To demux a file is to extract the individual tracks back into their separate channels. Demuxing is useful when you come across an unsupported muxed file.
Since transcoding will rewrite a file’s video and audio data, it can actually be used to demux a file. So, when in doubt, transcoding can solve several different problems associated with incompatibility.
Understanding these terms and concepts should equip you to deal with incompatible media. And remember, if you’re ever having trouble getting InqScribe to recognize your media files, just send us an email to firstname.lastname@example.org.
Posted on October 8th, 2014 No comments
As you may or may not have noticed, Facebook has been making some improvements to its video feature. Part of this campaign includes the newly added support for caption/subtitle display. Now, I know what you’re thinking: “Can I use InqScribe to add subtitles to my Facebook video?” The answer: yes, yes you can.
The following process entails creating your transcript, exporting it to the Facebook-compatible Subrip .srt format, and finally uploading your video along with the .srt file to Facebook. Note that, at this time of writing (October 2014), adding captions is only available in the US for the English language, and it won’t work on mobile or tablet. This is subject to change as Facebook continues to develop their video features. In the likely even that Facebook alters their subtitling process, we’ll keep these instructions updated in our Knowledge Base here.
Facebook is a little picky when it comes to the format of the Subrip .srt captions, so pay special attention your filename and line endings (see steps 3 and 4). With that in mind, here’s how to add in your captions:
- Open up InqScribe and prepare your transcript with text and timecodes.
- Once its ready, export your transcript as a Subrip .srt file by selecting “File > Export > Subrip Format.”
- Select a name for your file and specify its save location with the “Choose…” button. Here’s the important part: Facebook requires you to place “.en_US” at the end of your filename. So, your file will end up looking something like “Example.en_US.srt.”
- Now, in the Export Settings menu, click “Advanced” to bring up the Advanced Options. Set Line Endings to “Windows (CR/LF)” and click OK. Don’t forget this step! In our testing, Facebook will only accept Windows or Unix line endings.
- Press OK and your Subrip .srt subtitle file will be saved in the location of your choosing.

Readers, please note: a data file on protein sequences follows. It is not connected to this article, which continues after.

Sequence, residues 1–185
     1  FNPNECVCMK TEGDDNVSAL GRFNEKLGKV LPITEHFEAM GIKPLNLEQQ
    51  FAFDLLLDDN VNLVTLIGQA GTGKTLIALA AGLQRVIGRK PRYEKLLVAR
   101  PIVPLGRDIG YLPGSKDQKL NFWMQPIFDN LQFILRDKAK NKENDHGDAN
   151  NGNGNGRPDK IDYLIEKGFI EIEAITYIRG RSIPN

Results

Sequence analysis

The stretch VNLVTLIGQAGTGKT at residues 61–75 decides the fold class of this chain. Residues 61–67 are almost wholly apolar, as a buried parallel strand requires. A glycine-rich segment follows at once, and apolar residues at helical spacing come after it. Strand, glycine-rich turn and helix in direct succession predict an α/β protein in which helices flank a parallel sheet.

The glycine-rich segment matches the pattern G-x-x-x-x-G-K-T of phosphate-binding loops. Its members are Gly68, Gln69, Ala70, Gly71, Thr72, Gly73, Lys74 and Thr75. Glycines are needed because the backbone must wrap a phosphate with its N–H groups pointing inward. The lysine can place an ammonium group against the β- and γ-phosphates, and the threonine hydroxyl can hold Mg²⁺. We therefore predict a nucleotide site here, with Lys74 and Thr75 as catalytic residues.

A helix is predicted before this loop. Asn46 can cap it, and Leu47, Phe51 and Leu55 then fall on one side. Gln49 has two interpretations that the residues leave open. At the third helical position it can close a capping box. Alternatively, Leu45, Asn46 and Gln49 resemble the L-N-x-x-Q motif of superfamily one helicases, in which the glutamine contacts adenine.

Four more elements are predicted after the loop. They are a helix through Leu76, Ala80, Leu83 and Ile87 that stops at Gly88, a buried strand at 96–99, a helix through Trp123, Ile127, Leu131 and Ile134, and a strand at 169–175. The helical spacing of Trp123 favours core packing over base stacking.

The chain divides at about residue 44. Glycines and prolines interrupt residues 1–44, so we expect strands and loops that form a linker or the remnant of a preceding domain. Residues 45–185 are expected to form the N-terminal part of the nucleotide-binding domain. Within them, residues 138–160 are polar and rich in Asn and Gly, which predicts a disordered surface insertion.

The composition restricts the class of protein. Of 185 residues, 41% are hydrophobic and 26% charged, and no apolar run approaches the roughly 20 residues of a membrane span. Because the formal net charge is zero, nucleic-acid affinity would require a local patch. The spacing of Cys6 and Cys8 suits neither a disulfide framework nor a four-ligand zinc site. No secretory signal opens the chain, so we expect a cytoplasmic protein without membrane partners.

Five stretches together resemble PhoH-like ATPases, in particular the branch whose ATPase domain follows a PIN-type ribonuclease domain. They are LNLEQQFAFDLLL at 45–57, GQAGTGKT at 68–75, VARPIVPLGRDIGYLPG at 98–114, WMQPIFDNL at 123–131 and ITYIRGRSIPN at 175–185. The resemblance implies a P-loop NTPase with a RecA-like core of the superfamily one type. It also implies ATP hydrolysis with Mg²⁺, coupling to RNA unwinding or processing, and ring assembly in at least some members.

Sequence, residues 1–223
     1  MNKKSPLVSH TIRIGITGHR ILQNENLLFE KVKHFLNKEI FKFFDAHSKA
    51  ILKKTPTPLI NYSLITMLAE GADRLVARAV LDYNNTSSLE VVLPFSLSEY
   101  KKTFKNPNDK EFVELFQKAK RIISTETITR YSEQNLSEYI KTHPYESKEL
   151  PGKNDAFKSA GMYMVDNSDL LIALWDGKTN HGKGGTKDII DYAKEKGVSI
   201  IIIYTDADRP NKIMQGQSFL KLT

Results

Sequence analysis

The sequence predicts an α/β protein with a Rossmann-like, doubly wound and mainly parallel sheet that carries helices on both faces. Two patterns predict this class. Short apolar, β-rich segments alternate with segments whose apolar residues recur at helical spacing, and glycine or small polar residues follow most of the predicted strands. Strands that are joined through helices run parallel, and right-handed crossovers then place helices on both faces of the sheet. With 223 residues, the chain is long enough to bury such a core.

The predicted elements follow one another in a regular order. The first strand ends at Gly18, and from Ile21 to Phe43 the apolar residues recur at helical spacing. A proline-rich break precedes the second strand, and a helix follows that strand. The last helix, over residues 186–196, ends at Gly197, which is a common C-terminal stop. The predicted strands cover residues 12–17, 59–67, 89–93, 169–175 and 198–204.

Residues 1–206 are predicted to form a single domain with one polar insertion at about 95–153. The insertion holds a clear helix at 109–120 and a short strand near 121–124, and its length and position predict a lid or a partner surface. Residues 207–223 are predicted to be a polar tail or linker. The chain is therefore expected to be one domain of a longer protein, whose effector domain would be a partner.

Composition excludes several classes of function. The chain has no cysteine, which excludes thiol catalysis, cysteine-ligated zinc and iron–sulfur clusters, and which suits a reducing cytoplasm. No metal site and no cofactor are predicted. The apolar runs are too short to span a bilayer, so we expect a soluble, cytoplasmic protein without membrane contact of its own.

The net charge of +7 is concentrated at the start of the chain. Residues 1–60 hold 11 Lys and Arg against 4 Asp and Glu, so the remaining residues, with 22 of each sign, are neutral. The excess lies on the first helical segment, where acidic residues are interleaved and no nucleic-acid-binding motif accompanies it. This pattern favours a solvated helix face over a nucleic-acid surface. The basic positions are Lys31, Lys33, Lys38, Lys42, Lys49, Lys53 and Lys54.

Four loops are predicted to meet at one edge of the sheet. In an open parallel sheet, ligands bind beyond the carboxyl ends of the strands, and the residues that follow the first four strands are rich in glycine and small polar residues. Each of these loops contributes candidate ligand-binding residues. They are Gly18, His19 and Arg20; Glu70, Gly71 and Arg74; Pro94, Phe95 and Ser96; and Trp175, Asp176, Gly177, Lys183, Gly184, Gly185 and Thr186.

- Now, login to Facebook and upload your video (instructions from Facebook here).
- Once you have located your video, select “Post” and the video will begin uploading. Then, select “Edit This Video.” You’ll be taken to the menu pictured below where you can add in your subtitle file.
- Under the Captions section, select “Choose File” and locate your Subrip .srt subtitle file.
- Select “Save” and the subtitles will be added to your video!
- To display subtitles, press the “CC” button at the bottom of the video player on playback.
If you didn’t name the .srt file correctly, you’ll see the message “You uploaded a .SRT file with an incorrect filename. Please use this format: filename.en_US.srt”
If you don’t see any subtitles after uploading your .srt file and clicking the “CC” button on the video player, then you might not have selected the correct line endings in step 4.
You can also add subtitles to a video you’ve already uploaded. To do so, select the video and expand it. Click “Options > Edit This Video” at the bottom of the video player and refer to steps 7-9.
Questions? Comments? Contact us at email@example.com.
Posted on October 2nd, 2014 No comments
Sometimes you go to transcribe your media in InqScribe only to find that InqScribe won’t play that media type. InqScribe relies on the QuickTime 7 or Windows Media Player 11 specs for media playback, and is able to play most anything that can be played in those players. But if your media is not supported by either of those two players, you’ll need to convert it to a format that is.